by Debi Taplin
I'm developing a new sign that I can have handy in the car when I travel. I'll flash it against my window at passing motorist when the moment presents itself.
Last summer we drove Interstate-5 that runs from Mexico to Canada, through California, Oregon and Washington. I was shocked to see numerous drivers throw lit cigarette butts out their vehicles. Not one or two smokers, but in the span of a few hours, twenty-five to thirty. Though most offenders were drivers, occasionally even passengers flicked their butts.
Now, mind you, the temperature was in the 90's and there was dry vegetation along the meridians: fields of grass and hay, trees and other plant life. Not to mention animal and human life. In case you aren't aware of it, many of these plant life forms are commonly called FUEL, by people who fight fires.
I've heard tales from many who travel and it appears this is a nation-wide problem. It doesn't seem to matter what the vegetation or weather is like.
As a recovered smoker, I can sympathize with those of you who still smoke. Yes, it does seem America is aimed at putting your fire out. Banned from public buildings, public transportation and many restaurants, where else do you have to satisfy that nicotine attack? But in your vehicle.
When you're in your vehicle, it transforms into your own private space and transitory island of peace and tranquillity. No one can stop you from lighting up here: not the public, not your spouse, and certainly not your boss.
So, I know you don't want to hear it, but it's about time somebody said something. Frankly, enough is enough.
When you're cruising down the freeway, be-bopping to the radio, sucking in that final drag, DON'T open the window and flick that butt in my direction.
Mostly I have tried to identify the problem and those who suffer from this irritating habit. But I wish to make an appeal to non-smokers and smokers who don't suffer from this butt flicking habit.
I challenge fellow motorists to keep a notebook and pen handy. When you see someone flick their butt, note down the location, license number, description of the vehicle, and any other details of interest. Then be sure to report.
"Where?" You ask.
You could start with the police. In Oregon, the very least this action can bring is a class C misdemeanor that carries a hefty fine of one thousand dollars. And, that is if no other damage is done.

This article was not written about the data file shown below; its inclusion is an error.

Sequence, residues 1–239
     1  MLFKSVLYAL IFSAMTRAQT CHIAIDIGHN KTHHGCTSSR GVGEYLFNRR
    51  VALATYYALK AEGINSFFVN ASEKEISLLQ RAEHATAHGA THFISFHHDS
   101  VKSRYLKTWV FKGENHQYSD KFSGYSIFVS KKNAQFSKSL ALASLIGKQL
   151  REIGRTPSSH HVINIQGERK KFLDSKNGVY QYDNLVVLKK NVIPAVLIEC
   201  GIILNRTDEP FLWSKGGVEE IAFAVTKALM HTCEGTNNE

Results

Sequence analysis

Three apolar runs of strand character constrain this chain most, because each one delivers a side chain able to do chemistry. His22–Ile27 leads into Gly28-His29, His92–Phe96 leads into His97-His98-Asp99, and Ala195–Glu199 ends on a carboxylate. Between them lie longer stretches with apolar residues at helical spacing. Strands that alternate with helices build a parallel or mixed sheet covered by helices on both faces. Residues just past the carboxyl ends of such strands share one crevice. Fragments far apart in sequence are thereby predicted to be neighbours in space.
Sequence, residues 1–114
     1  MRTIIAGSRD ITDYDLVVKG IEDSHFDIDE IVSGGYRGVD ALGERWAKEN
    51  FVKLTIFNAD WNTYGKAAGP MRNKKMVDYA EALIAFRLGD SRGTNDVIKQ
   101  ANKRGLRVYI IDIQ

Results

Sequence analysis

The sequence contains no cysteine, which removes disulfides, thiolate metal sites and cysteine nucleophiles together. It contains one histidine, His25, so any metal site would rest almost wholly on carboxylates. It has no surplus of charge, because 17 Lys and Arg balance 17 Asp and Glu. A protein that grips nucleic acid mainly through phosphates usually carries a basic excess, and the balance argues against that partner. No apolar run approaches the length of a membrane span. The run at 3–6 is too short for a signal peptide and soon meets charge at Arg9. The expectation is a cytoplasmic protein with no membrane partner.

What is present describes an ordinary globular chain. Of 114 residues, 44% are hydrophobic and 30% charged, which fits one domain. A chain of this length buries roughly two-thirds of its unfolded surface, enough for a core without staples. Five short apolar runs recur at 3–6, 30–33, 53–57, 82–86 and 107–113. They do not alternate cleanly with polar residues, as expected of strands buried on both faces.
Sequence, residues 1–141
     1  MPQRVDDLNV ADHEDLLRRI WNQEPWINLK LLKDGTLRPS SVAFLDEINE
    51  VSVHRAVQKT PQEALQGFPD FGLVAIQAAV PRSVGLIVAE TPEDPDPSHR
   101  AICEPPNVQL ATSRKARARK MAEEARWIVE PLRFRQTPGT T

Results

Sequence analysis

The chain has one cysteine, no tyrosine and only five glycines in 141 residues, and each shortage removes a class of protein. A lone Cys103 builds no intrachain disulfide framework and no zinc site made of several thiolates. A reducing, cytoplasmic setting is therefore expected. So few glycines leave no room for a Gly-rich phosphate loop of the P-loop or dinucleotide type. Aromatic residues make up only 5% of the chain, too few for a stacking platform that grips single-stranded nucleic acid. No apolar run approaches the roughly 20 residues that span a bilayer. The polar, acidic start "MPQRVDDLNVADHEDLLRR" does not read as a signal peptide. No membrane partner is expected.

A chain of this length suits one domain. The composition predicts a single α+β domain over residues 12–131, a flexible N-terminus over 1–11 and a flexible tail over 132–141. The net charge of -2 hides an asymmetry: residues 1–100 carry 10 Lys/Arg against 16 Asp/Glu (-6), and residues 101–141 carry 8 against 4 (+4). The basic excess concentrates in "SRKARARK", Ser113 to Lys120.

Let your imagination run wild. Can you see a field catching fire behind you and what you could be charged with, AND, have to pay for. How much more tragic when it involves homes or human life.
"No way!" You say. "I don't want to get involved. You want me to call the police. Do you think I'm nuts?"
No, chances are you're not nuts. But if people like you, people who don't suffer from this habit of butt flicking, don't want to get involved, then who?
Well, let's look at an alternative. We could start a new internet site. We could call it: The Smoking Butthead Site - Squash all Butt-Flickers here. This site would allow you to add the offending person's state, where the incident happened, their license number, description of the vehicle and any other juicy details of interest.
At least then the Fire Departments, Forestry personnel, and other emergency services around the nation would have the information without your becoming more involved. And, repeat offenders would quickly surface.
To these Butt-Flickers, I ask: Is having a clean ashtray REALLY worth the potential cost to your savings account, your family or your freedom? I thought only inhaling marijuana or other stronger substances caused brain damage. What's your excuse?
Never mind, we don't want to hear. Since any excuse will do. They all work, at least to soothe your wounded ego.
Instead, let's take an imaginary trip. Close your eyes and see yourself cocooned in your vehicle. Allow that wonderful peace and tranquillity to settle over you as the nicotine soothes your nerves. Look through the smoke, out the windows, into the great beyond. Then, tap back into the passionate rebellion you feel from this article. Enjoy that last comforting inhale, that final drag, then drop your window and flick that butt.
Except, this time, picture your home in the rear view mirror. Your children and spouse absorbed in a computer game. Lucky, the lab, is stretched out in the sun beaming down from the window. And there, just a short distance away, red and orange flames lick their way through a field of yellowed hay in their direction, as you speed away.
"So long, Lucky."